Figure: How to migrate SSRS reports from an old server to another
Let's say you want to migrate SSRS reports from an old reporting service server (e.g., SQL Server 2008 R2) to a new one (e.g., SQL Server 2016). What involves?
There are three steps:
- You need to install SSW SQL Reporting Service Auditor both on the old and new servers. (You'll also need to run it on 3rd step)
- Find those reports are not-in-use, as per a rule: Do you know which reports are being used?
- Find creators of those reports, by clicking “Detail Views” in reports folder
- Send an email to report creater ask for permission to delete
Tip: Use the ReportSync tool to save time.
- Run SSW SQL Reporting Service Auditor on both sides
- Compare audit results. Note that even error and warning messages also need to be the same
If audit results are exactly the same on old and new servers, it indicates that migration is successful.
When working with SSRS reports, you need to have the right type of project otherwise it will be difficult for a developer, to create new reports or update existing ones.
If you have some reports and want to check them into source control, if you add them to project that is not a report project, your reports will not open in the design/preview view (allowing to see the DataSource and DataSets). They will open in the XML view (which is not pretty to work with).
To open the reports in the right view you will need to:
- Be sure that you VS has the tool/extensions Microsoft Reporting Services Projects installed, go to Tools | Extensions and Updates | Online , and search for services
* In the micros Microsoft Download and install [SQL Server Data Tools (SSDT) for Visual Studio website](https://docs.microsoft.com/en-us/sql/ssdt/download-sql-server-data-tools-ssdt?view=sql-server-2017) you will find all the instructions to install the tool via Marketplace or SSDT standalone installer.
- Create the project selecting Business Intelligence | Reporting Services | Report Server Project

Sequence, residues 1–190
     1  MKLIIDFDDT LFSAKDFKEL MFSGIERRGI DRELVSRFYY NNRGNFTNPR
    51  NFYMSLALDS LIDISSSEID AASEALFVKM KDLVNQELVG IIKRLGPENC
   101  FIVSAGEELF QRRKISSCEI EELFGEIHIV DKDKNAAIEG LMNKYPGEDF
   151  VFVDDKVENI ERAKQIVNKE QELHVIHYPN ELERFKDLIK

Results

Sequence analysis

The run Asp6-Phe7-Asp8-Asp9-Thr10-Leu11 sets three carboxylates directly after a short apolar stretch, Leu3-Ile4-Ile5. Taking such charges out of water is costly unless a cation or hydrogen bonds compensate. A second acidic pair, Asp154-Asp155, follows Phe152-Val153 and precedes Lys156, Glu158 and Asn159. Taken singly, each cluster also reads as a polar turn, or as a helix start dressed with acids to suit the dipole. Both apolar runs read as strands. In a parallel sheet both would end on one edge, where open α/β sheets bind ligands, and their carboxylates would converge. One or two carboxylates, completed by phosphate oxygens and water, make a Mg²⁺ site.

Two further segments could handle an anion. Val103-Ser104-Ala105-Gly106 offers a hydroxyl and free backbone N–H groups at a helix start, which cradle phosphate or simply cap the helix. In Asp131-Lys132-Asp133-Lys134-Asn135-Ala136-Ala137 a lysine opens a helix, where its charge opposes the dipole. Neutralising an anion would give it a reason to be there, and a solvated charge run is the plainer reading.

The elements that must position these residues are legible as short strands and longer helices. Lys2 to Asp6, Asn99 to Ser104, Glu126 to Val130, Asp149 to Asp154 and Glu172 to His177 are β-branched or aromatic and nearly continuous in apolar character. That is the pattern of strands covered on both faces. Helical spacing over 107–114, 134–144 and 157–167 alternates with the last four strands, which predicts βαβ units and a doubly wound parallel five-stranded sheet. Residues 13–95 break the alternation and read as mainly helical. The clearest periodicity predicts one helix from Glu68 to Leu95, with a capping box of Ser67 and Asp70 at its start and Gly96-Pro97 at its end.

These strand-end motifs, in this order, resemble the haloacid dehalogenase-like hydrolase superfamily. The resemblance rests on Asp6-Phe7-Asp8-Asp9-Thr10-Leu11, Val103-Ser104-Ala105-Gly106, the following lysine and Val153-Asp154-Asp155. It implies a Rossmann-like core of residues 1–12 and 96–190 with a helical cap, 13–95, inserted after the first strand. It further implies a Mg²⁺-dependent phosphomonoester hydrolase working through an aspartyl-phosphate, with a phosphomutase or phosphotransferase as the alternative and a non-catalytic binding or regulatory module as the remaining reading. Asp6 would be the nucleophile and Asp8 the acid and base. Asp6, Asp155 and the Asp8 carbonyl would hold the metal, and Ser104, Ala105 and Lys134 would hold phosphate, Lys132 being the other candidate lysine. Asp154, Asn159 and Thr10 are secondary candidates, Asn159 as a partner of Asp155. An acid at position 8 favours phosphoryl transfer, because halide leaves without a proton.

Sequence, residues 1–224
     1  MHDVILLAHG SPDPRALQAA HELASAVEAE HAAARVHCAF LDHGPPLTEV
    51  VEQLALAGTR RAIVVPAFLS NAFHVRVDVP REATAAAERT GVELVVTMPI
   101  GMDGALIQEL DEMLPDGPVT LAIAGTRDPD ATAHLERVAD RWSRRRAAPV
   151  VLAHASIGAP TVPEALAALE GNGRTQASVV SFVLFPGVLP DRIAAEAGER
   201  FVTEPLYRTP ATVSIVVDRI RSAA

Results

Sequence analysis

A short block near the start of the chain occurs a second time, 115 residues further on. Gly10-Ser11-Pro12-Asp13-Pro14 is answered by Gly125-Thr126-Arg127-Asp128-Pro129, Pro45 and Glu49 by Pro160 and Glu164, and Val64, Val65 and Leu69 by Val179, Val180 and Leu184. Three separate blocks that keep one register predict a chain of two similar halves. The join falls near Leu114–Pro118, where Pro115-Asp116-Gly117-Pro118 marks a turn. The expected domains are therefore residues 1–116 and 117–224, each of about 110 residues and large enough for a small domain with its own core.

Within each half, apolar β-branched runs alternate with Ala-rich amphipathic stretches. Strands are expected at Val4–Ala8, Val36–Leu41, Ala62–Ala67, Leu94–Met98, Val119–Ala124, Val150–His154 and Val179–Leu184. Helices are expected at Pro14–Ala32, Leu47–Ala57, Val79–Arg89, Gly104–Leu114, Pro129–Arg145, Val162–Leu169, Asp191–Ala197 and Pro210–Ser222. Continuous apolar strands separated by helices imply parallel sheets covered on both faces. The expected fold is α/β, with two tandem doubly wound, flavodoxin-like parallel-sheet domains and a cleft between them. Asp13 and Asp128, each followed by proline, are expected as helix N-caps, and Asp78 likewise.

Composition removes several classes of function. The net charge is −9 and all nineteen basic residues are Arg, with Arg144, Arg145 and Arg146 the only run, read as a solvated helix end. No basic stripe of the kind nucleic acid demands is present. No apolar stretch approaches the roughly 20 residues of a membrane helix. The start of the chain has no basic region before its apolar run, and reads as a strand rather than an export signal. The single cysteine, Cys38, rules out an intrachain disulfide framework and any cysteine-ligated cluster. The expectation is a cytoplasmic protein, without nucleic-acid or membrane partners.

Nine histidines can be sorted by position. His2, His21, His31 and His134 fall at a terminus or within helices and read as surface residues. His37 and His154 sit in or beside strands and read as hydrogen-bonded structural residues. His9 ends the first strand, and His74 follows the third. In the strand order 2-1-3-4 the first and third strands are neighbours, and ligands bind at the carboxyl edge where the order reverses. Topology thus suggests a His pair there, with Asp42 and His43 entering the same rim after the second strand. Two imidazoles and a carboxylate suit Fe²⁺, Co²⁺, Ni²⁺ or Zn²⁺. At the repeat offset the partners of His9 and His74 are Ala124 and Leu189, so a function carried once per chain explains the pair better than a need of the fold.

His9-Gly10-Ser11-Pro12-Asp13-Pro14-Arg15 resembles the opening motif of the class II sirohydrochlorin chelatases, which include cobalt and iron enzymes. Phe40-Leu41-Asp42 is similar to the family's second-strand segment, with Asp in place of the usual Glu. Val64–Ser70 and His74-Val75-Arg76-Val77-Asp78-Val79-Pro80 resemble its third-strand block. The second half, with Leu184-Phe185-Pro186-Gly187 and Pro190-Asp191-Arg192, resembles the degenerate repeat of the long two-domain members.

- Add existing reports and create your new DataSource (based in the information on your Report Portal)
The default configuration for Report Server isn't accessible by most mobile browsers and some desktop browsers too. You can adjust the authentication types allowed to increase the range.
The configuration file for the Report Server is named RSReportServer.config and the default location is:
C:\Program Files\Microsoft SQL Server\MSRS13.MSSQLSERVER\Reporting Services\ReportServer\
You should make a backup of the configuration before editing it so you can rollback if you make a mistake.
We normally change the AuthenticationTypes node from:
<AuthenticationTypes> <RSWindowsNegotiate /> </AuthenticationTypes>
<AuthenticationTypes> <RSWindowsNegotiate /> <RSWindowsKerberos /> <RSWindowsNTLM /> </AuthenticationTypes>
Check out the different Authentication Types in the Report Server documentation and select the types that suit your needs.
More details on configuring Windows authentication on the report server can be found here: Configure Windows Authentication on the Report Server.
Here are the steps to subscribe a report:
- Open IE, go to the folder view which contains the report you're going to subscribe.
- Click the report you're going to subscribe and select "Subscribe...".
- Configuring the subscriber's email address, report render type and schedule.